How to minimize grid purchases in storage-integrated PV systems


Researchers from Poland's Warsaw University of Technology have proposed a reinforcement learning approach to minimize energy purchases from the grid in PV systems linked to storage systems.

The trade-off between storing too much and too little power in a battery is key for this complex task. Storing too much electricity would mean some surplus solar power could be lost, while storing too little could expose system owners to higher electricity prices.

Reinforcement learning is a kind of machine-learning method that can be used to take suitable action to maximize rewards in uncertain, potentially complex environments.

“To make this approach applicable, a novel formulation of the decision problem is presented, which focuses on the optimization of grid energy purchases rather than on direct storage control,” the scientists said.

Their approach is based on the Q-learning algorithm, which allows agents to learn a response from a reward. The scientists have combined this with a neural network. They conducted a realistic simulation on a grid-connected PV system linked to a battery that, due to stability reasons, could not inject surplus power into the network.

“The decision module that performs energy purchasing continuously monitors real-time PV generation, loads and electricity prices, as well as the State of Charge (SoC) of the storage,” they said. “Based on this information, the module determines the charging energy volume and sends the corresponding signal to the controller.”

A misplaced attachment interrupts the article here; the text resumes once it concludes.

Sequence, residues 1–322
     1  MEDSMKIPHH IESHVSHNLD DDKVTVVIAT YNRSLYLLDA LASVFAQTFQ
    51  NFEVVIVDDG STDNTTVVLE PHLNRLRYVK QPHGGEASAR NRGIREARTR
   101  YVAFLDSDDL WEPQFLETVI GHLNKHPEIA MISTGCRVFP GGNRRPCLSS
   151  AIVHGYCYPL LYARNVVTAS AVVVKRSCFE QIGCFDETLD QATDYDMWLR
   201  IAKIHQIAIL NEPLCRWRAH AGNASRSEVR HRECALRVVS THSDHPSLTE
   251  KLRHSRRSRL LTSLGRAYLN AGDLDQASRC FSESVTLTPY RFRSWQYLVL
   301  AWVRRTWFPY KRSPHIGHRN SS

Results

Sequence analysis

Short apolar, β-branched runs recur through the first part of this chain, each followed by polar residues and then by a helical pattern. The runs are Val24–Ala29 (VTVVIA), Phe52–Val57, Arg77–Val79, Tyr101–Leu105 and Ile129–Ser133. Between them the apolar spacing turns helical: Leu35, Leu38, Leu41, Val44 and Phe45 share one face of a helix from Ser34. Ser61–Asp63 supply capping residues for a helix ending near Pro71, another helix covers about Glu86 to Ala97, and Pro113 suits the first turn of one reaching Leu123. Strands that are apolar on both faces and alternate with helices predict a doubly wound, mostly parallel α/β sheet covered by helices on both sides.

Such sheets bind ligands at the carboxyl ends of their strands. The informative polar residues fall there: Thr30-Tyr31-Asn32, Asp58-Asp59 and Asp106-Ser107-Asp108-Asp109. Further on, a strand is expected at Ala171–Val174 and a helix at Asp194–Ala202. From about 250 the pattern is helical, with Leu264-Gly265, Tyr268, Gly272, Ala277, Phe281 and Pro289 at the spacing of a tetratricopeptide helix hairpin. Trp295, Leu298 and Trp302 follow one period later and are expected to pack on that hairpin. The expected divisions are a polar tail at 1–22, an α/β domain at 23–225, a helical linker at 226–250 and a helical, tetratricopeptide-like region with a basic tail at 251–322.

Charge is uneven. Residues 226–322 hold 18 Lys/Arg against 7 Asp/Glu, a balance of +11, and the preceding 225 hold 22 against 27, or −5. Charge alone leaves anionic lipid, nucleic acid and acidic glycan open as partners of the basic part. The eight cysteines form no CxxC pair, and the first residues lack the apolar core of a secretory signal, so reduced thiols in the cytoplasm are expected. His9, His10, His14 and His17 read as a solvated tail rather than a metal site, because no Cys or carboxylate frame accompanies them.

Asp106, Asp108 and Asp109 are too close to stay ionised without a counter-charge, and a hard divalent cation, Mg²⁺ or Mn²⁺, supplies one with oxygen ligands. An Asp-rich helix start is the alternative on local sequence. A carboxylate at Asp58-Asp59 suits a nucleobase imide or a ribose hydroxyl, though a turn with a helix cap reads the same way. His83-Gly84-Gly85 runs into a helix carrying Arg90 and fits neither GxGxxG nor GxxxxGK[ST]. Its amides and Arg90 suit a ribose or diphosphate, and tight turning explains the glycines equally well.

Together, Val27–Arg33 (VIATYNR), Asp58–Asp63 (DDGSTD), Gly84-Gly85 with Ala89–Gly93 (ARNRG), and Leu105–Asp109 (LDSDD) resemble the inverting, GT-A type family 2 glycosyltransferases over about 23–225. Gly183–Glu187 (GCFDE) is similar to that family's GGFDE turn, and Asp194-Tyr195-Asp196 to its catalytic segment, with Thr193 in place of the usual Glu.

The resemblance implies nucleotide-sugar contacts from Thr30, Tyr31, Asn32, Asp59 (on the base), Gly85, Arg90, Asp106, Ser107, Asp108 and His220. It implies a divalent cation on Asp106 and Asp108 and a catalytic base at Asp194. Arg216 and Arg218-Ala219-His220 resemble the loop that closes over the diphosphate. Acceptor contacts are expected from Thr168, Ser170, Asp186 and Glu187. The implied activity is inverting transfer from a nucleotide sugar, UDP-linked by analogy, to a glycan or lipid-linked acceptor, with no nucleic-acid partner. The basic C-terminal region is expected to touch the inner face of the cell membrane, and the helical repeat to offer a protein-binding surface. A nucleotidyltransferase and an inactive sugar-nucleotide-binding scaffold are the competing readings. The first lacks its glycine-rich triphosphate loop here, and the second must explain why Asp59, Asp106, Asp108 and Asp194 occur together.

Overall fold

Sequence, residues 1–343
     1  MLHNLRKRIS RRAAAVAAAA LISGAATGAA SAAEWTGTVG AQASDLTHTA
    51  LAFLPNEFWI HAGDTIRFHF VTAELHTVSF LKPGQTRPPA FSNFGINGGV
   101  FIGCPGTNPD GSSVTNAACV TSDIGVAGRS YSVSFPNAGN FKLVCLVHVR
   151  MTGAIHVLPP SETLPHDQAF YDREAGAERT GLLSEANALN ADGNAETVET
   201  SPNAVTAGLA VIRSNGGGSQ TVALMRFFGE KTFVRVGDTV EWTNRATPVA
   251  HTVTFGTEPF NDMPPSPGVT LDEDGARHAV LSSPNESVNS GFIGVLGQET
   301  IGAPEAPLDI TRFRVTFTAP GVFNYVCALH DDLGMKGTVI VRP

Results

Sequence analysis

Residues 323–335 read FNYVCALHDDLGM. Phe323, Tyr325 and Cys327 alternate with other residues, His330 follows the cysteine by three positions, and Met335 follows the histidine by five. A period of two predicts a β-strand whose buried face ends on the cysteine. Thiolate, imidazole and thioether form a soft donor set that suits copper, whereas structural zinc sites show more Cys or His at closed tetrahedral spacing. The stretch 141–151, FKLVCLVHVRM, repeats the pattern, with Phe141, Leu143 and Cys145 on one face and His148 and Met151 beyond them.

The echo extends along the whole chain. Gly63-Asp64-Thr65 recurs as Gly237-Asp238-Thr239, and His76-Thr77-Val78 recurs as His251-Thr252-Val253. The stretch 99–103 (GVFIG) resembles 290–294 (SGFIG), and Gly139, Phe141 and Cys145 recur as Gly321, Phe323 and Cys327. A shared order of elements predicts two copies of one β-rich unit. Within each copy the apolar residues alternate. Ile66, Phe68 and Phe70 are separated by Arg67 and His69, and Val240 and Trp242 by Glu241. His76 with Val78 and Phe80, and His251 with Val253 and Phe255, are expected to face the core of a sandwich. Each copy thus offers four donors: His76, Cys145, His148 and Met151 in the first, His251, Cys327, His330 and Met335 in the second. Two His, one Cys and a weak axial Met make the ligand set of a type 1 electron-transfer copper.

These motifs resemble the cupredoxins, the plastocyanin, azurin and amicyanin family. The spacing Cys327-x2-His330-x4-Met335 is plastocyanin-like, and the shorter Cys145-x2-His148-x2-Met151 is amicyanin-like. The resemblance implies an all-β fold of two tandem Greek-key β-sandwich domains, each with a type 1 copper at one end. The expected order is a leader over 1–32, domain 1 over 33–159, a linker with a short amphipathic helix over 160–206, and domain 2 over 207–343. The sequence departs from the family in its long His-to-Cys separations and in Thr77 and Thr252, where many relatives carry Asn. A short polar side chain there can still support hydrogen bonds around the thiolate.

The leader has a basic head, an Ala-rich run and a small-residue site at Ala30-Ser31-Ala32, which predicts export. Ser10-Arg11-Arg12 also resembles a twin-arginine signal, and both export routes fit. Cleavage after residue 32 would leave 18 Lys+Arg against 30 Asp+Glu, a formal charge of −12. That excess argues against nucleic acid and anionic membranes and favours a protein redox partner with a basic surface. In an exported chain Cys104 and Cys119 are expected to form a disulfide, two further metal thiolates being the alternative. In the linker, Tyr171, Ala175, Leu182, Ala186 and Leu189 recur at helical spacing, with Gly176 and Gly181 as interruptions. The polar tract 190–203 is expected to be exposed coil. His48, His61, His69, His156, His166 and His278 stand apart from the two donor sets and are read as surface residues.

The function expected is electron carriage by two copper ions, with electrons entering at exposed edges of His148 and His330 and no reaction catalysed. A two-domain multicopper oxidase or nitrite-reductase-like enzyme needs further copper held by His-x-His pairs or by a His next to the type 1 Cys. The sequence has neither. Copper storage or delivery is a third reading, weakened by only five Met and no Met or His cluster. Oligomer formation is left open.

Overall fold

Under their proposed approach, the controller generates recommendations for electricity purchases from the grid, rather than controlling charge and discharge operations in the battery.

“It makes it possible to define a relatively small set of discrete actions, corresponding to discretized relative purchased energy volumes,” the scientists explained.

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The Polish group tested the effectiveness of this technique on two different solar+storage configurations.

“The base configuration assumes a large-size storage with 1MWh, energy capacity, while in the second case a small-size 200 kWh storage is assumed,” they said. “One should expect quite different purchase decisions, depending on the size of the storage. In both cases, power capacity is 25% of the total capacity and both charging and discharging have an 80% efficiency.”

Their analysis showed that the Q-learning algorithm is able to select more frequent and lower electricity purchases from the grid. They noted that these are made under lower, off-peak prices.

“The cost distributions suggest that a small-size storage is much better suited to the needs of the system because a large-size battery is often overloaded with potentially unused energy, some of which is bought,” they said. “These results clearly indicates the importance of both sizing, and control decisions as noticed also by other researchers.”

The scientists now plan to conduct further research on how to apply the approach to other forms of storage or to day-ahead operation planning. “More realistic, large-scale simulations should be performed with the results compared to those obtained using other learning methods to confirm the credibility of achieved performance improvements,” they concluded.

They presented their findings in “Real-time energy purchase optimization for a storage-integrated photovoltaic system by deep reinforcement learning,” which was recently published in Control Engineering Practice.

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